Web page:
Atrophy Asylum

Atrophy – Asylum (Album Review)

Atrophy band 2024

While Thrash Metal bands like Slayer, Metallica, Megadeth, and Anthrax make up the Big Four, there are plenty of others well worth mentioning. Of course there are Overkill, Exodus, and Testament, but a slew more that popped up throughout the ‘80s. Hundreds upon hundreds to run through, out of the Arizona desert was Atrophy.

Formed back in ’86, Atrophy recorded a couple impressive demos, signed on with Roadrunner Records, and in ’88 put out Socialized Hate. An album not to be missed, Socialized Hate is top-notch Thrash produced by Bill Metoyer (famous for working with everyone from Slayer to Morbid Angel); plus CD collectors are well aware that the first pressing is highly coveted. From here they put out a strong sophomore album in ’90 called Violent by Nature, however, had some obstacles to overcome thereafter. First, Guitarist Chris Lykins left to attend medical school, and then Roadrunner Records opted to part ways with the band. Unfortunately, by the mid-90s, Atrophy had all but dissolved.

Leaving the band somewhere in the footnotes of Heavy Metal history, true fans never forgot the two albums they did release, and that is why it became quite enticing in 2015 to hear that Atrophy were reforming. Promisingly, there were reports of new music in the works, but a few more bumps in the road followed, leaving us with years passing and nothing to show for it. Nonetheless, original Vocalist Brian Zimmerman has kept the dream alive, recruited an entire new lineup, and now Atrophy is set to put out their first studio album in 34 years.

Entitling Asylum, Atrophy’s comeback album is available March 15, 2024 through Massacre Records, and is a bit different than you might remember them. Now, it is important to remember that the last time we heard Atrophy it was a completely different era. In that time sounds have changed and recording techniques have altered. So, if you are expecting the same feeling as Socialized Hate or Violent by Nature, rethink your expectations. Absent Chris Lykins, who was a key songwriter for Atrophy back in the day, the modern lineup around Zimmerman is also completely fresh. Breaking it all down, the new Atrophy surrounding Zimmerman includes Lead Guitarist Nathan Montalvo, Rhythm Guitarist Mark Coglan, Bassist Josh Gibbs, with Jonas Shütz handling the drums. A solid group of players individually, together, they conjure up some electrifying Metal that is quite potent.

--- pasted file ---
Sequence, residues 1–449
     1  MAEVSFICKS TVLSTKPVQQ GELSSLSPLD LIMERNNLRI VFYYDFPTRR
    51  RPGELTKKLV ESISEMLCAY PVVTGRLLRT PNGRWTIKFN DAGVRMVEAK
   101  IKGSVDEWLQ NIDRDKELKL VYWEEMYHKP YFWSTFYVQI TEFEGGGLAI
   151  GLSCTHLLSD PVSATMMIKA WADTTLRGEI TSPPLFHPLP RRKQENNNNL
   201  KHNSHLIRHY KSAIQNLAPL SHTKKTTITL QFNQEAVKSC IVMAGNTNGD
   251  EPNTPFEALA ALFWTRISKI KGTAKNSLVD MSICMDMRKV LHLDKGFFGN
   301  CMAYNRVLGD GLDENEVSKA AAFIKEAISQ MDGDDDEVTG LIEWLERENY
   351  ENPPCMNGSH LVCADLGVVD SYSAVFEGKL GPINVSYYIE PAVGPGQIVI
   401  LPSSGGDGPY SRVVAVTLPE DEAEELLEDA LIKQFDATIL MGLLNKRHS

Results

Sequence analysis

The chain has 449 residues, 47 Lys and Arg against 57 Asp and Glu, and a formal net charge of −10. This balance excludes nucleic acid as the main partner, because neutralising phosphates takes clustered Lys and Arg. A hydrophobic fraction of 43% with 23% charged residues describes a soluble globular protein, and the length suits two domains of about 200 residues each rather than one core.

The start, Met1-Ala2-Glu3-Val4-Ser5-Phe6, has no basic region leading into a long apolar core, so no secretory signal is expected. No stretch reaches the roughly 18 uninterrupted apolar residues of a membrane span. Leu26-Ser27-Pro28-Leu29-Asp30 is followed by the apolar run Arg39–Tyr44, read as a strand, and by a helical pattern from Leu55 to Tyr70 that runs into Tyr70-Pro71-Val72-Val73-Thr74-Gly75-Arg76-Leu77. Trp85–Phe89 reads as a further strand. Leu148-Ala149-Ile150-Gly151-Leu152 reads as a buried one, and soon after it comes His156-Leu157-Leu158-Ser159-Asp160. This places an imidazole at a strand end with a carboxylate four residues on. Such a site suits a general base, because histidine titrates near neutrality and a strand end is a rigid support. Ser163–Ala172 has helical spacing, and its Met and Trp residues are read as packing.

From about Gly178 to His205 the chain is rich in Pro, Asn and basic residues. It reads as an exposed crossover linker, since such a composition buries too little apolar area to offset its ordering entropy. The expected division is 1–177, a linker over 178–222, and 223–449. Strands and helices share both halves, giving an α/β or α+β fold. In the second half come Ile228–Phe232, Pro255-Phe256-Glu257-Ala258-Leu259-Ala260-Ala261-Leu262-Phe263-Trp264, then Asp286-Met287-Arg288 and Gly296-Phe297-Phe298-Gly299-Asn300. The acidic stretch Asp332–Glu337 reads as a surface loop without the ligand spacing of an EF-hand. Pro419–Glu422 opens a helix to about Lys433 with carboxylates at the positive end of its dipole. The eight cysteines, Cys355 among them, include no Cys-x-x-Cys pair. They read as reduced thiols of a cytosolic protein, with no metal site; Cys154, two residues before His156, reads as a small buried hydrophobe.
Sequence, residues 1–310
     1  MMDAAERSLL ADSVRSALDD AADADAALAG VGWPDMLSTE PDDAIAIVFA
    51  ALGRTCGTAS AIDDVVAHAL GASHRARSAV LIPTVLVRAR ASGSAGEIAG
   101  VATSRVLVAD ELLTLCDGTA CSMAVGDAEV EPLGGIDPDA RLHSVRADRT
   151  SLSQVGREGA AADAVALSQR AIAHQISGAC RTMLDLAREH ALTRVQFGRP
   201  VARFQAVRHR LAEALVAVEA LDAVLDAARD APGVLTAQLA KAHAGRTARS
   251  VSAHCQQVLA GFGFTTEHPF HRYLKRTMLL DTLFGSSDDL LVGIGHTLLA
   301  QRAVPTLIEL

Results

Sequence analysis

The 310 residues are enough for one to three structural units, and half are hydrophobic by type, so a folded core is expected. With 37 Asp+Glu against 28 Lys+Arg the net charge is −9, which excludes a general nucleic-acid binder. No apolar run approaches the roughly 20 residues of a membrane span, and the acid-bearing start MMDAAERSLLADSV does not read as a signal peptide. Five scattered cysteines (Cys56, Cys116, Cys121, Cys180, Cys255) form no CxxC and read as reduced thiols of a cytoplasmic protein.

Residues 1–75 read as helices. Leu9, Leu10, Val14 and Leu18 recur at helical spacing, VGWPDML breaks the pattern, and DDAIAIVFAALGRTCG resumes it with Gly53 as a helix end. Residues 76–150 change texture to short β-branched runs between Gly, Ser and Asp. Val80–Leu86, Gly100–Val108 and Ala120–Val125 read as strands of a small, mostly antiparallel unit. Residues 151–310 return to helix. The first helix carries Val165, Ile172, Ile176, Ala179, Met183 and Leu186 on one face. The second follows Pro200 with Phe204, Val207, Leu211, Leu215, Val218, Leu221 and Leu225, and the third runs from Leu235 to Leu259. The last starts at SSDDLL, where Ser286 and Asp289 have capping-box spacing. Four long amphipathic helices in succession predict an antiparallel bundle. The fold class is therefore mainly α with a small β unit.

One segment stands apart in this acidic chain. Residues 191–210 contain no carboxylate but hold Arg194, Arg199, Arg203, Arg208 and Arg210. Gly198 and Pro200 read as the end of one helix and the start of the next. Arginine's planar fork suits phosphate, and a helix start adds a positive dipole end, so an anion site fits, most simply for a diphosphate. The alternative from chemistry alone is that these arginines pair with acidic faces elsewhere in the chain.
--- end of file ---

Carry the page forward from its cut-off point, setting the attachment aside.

Putting together nine tracks for Asylum, each is saturated with razor sharp riffs, tight rhythms, and an attack that is stirring. Produced by Alex Parra, what is captured is a modern Thrash Metal sound with a respectfully understanding of more old school moods. What this means is that Asylum’s production is indeed clean and amplified, but separated enough that you can hear the blistering speed without getting a headache. A factor that is vital, it all allows each track a chance to get the attention it deserves.

Looking at everything as a whole, the context of Asylum is very on par with Atrophy’s history; talking about society, hypocrisy, and the corruption engulfing us. Doing so with conviction, the power behind the music is not superficial, but something deeply seeded within each of the performers. Giving you some examples of this fury, tracks that immediately stand out include “Seeds of Sorrow,” “Distortion,” and “American Dream.” Each showing off some outstanding riffs, the guitar solos are also nothing to laugh about too. Simply put, they are well-written, performed with tendency, and set the stage for an entire album of consistency.

Overall, while Atrophy may look different than what you remember, their resurrection is not without inspiration. Putting together one of the best Thrash Metal records in the last few years, Cryptic Rock gives Asylum 4 out of 5 stars.

Atrophy Asylum
Atrophy Asylum / Massacre Records (2024)

Like the in-depth, diverse coverage of Cryptic Rock? Help us in support to keep the magazine going strong for years to come with a small donation.

No comment

Leave a Reply

Your email address will not be published. Required fields are marked *